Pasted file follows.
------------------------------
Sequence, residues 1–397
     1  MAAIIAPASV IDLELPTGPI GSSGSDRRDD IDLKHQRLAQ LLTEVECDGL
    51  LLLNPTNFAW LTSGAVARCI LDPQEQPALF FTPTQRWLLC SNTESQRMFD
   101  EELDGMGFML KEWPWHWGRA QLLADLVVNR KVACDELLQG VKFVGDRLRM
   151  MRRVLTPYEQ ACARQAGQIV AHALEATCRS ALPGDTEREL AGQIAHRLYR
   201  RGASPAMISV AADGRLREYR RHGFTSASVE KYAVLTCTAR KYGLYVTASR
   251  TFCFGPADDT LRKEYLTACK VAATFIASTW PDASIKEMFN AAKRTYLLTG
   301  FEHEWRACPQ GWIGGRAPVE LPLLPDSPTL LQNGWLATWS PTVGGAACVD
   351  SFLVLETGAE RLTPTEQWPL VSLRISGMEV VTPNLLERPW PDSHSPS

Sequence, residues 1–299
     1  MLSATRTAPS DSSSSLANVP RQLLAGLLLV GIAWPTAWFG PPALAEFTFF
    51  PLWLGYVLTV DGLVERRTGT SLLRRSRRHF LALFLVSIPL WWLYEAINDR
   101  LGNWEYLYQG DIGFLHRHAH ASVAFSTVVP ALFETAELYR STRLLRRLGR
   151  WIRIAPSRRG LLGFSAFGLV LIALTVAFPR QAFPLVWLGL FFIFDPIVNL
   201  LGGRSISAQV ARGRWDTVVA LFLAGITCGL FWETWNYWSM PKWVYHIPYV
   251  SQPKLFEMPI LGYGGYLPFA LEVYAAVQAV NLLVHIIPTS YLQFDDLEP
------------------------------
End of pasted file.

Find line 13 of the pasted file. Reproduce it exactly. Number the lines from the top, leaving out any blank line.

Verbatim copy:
   101  LGNWEYLYQG DIGFLHRHAH ASVAFSTVVP ALFETAELYR STRLLRRLGR